A letter to the editor written by Richard D. Walter of Towson and published in The Sun yesterday concluded with a last sentence that should have read as follows: "Democrats represent the party of equal results and as long as that philosophy holds sway we all lose."
Handicapped Students' Choices
Editor: Integrated education, mainstreaming and least restrictive environment are buzz words with meanings which are continually confused by most parents of students with special needs.
Cathy and Charles Kozlowski wrote eloquently [The Sun, Nov. 3] of the benefit Ridge School provides for their daughter. While many parents might call the Ridge School a "most" restrictive environment, the Kozlowskis feel it is an appropriate educational placement for their daughter.
FOR THE RECORD - CORRECTION
In recent years some groups have advocated placing all handicapped students "in the mainstream" and doing away with special schools. Some have even proposed the elimination of separate special-education classrooms.
The Learning Disabilities Association believes that in order to serve all students in need of special education, the requirement in federal regulations for a continuum of services must be fully met. The federal law intends that if a student will benefit from education in a regular class ` if it is in the best interest of the student and that student is able to participate ` then that is where that student should be placed.
However, it also recognizes that some handicapped students cannot be educated appropriately in a regular classroom or even a regular school building. This means that for some children, separate special-education schools are the most appropriate educational placement and the least restrictive environment. Inherent in a free, appropriate education is a continuum of services, including separate public and private facilities.
Eliminating these schools under the guise of lessening the cost of special education is not a valid reason for even considering this. If students do not benefit from education because they are inappropriately placed, the cost becomes even greater later when these individuals are not prepared to enter the work force.
Those parents whose primary concern is social interaction witnon-handicapped peers have no right to determine what should be best for any other child. Schools like Ridge, Ruxton, White Oak and Chatsworth, all in Baltimore County, fulfill necessary placement options in the continuum of services.
There are other, similar schools across the state. They should not be eliminated because some outspoken people confuse integrated education, mainstreaming and least restrictive environment, and don't know how to apply these terms to the broad range of handicapping conditions.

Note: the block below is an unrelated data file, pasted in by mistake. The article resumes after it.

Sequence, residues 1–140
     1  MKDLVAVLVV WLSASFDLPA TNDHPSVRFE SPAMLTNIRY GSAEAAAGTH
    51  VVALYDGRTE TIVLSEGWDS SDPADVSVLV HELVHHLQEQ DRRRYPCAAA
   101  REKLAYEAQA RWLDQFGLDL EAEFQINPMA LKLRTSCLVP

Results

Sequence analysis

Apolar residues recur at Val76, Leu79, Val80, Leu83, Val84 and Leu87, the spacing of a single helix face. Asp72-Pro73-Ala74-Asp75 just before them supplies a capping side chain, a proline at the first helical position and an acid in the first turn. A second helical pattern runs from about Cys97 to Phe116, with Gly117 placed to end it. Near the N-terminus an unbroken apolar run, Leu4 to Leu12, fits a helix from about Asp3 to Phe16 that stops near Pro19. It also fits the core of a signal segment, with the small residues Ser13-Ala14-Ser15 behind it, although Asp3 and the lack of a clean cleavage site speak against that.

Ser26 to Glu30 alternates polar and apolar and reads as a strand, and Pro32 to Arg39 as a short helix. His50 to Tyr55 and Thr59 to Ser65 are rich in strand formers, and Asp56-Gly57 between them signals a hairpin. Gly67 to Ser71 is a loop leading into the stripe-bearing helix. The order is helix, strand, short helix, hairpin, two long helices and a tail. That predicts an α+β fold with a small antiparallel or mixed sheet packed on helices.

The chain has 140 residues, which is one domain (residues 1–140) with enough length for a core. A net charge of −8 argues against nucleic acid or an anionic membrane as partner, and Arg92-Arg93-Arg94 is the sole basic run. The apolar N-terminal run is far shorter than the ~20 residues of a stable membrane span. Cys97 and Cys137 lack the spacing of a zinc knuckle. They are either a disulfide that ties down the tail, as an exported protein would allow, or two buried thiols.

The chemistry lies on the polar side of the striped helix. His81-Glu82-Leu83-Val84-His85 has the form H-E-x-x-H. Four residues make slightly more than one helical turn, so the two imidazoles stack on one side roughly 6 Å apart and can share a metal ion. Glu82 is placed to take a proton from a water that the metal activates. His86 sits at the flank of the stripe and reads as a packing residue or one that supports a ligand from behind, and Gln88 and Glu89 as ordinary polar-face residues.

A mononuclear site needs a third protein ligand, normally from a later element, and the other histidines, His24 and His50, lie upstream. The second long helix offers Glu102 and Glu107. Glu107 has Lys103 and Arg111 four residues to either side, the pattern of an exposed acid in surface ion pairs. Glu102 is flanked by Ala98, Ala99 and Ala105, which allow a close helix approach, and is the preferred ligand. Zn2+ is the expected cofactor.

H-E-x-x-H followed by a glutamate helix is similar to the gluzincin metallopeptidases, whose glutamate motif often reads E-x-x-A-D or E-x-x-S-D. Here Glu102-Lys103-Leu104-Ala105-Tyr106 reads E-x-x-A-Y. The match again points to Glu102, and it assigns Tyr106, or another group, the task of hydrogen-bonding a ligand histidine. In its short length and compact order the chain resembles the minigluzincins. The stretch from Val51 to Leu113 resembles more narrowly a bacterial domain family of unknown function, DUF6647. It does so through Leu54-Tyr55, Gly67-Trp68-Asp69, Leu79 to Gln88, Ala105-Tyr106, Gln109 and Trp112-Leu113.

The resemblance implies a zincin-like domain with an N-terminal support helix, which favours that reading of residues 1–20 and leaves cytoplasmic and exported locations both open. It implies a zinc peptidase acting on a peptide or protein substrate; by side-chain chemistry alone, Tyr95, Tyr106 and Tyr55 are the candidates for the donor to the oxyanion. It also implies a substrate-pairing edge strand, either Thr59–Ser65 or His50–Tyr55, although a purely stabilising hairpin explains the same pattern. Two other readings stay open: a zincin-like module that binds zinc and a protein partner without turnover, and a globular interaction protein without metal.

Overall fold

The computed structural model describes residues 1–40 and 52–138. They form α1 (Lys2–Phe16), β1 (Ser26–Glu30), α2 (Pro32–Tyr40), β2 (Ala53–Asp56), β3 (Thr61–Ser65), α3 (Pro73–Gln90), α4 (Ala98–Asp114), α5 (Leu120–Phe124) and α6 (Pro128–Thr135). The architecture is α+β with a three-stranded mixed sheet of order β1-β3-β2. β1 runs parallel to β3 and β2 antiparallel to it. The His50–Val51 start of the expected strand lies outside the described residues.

The writer is president of the Learning Disabilities Association of Maryland.
Editor: In response to Alan Bromberg's letter Nov. 6 ("Republikans"), thinking like this and name-calling is what usually surfaces when legislation dear to liberals is defeated.
Just because a bill is named "Civil Rights" should not guarantee its passage without a hard look at what is included in the bill. The Civil Rights Act of 1990, more aptly named "The Lawyers' Guaranteed Employment Act of 1990," deserved to be defeated. The proponents of the Act, hiding being the cloak of civil rights, attempted to burden the business community with yet another barrier to choice, efficiency and productivity.
The Republicans named in Mr. Bromberg's letter are members of the party of equal opportunity. Democrats represent the party of equal rights and as long as that philosophy holds sway we all lose.
Richard D. Walter.
Editor: Congratulations to the advertising geniuses for mesmerizing enough senior citizens with fear to maneuver a vote against the tax cap for Baltimore County. You won.
I trust you are very proud of your excellence. Just think of all the ineffectual, unserviceable absurdities and unwarranted programs that can be supported (instead of deleted) and more colossal raises to the ''people's representatives'' in Washington.
Wonder who paid for the blitzkrieg? We The Fools -- oops -- People.
Edith Askew Vogt.
Editor: I was more than a little angered by the casual remark of columnist William Pfaff in his article in The Sun Nov. 1, in which, while writing about Iraq's President Saddam Hussein, the statement has made that he was no more nor less than your average dictator -- in effect, the inference being that we were making a big fuss over nothing as far as dictators go.